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AAU WEEKLY WRAP-UP

January 10, 2014 

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CONTENTS 
CONGRESSIONAL SCHEDULE   NEW 
BUDGET & APPROPRIATIONS 
Appropriators Working to Wrap up FY14 Omnibus Funding   UPDATED            
OTHER CONGRESSIONAL ISSUES 
Associations Ask Senator Leahy to Hold a Second Hearing on Patent Legislation   UPDATED 
OTHER 
Golden Goose Award Year-In-Review Now Available
AAU Infographic: How Federally Funded Research Made Possible the iPad   NEW

 

CONGRESSIONAL SCHEDULE   NEW

The House met today to consider legislation (H.R. 3362) related to implementation of the Affordable Care Act.  The Senate did not meet.   Both chambers will reconvene on Monday, January 13.  

The Senate next week will resume consideration of legislation to extend emergency unemployment benefits (S. 1845) and will consider a judicial appointment.   The House legislative schedule has not been announced.  Both chambers are expected to take up a stopgap funding bill next week to keep the government funded until they are able to approve a final FY14 omnibus appropriations measure (see next item below). 

 

BUDGET & APPROPRIATIONS

APPROPRIATORS WORKING TO WRAP UP FY14 OMNIBUS FUNDING   UPDATED

House and Senate appropriators continue making progress on the FY14 omnibus funding package, reports CQ.com, but their goal of releasing the package today has slipped to the weekend.  Along with dealing with highly complex spending issues, says the publication, lawmakers and staff are working through more than 100 proposed policy riders.  Congressional leaders will need time to move the package through the two chambers, so a short stopgap spending bill will likely be needed to prevent a government shutdown after the current continuing resolution expires on January 15. 

The negotiators have reached agreement on six of the 12 appropriations bills within the package, says the publication.  These are:  Agriculture, Commerce-Justice-Science, Defense, Legislative Branch, Military Construction-Veterans, and Transportation-Housing and Urban Development.  CQ.com reports that the Energy-Water and Homeland Security bills are near completion, but issues remain in the Labor-HHS-Education, Financial Services, Interior-Environment, and State-Foreign Operations bills.  Among the unresolved issues are riders related to the Affordable Care Act, abortion funding, the Dodd-Frank financial regulatory overhaul, and Environmental Protection Agency carbon regulations.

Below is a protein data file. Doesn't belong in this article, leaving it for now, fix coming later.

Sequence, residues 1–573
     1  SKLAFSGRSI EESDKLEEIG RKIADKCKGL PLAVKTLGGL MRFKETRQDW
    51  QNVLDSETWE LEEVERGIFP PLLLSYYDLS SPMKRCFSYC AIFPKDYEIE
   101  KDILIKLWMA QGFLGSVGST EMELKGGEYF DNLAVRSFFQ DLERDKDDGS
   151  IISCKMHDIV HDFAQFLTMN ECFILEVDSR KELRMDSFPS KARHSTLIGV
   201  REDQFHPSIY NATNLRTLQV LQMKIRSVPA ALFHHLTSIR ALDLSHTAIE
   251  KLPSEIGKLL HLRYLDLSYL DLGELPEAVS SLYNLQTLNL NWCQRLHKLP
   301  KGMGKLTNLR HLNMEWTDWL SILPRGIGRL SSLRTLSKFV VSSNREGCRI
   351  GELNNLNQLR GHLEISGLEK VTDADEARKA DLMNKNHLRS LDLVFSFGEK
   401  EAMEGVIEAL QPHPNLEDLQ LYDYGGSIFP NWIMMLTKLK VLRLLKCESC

The appropriations committee leaders who are assembling the spending package have said little publicly about how they are allocating funding among the 12 appropriations bills, but Politico reports that "new investments in science and medical research will be possible."     

The FY14 spending package puts flesh on the bones of the budget agreement that the House and Senate passed in December.  That budget deal set the discretionary spending level for FY14 at about halfway between the relatively high number originally approved by the Senate and the much lower number originally approved by the House.  (The December agreement also set the funding level for FY15.)  Within the FY14 total, defense and nuclear weapons programs will receive about $520 billion, which is $22.4 billion more than the Pentagon was slated to receive under the sequester and $2.4 billion above the final FY13 funding level.  Non-defense programs-where most university research and education activities are funded-will receive $492 billion, which is $22.4 billion above both the FY14 sequester level and the final FY13 funding level.   (See a detailed Center on Budget and Policy Priorities analysis here.)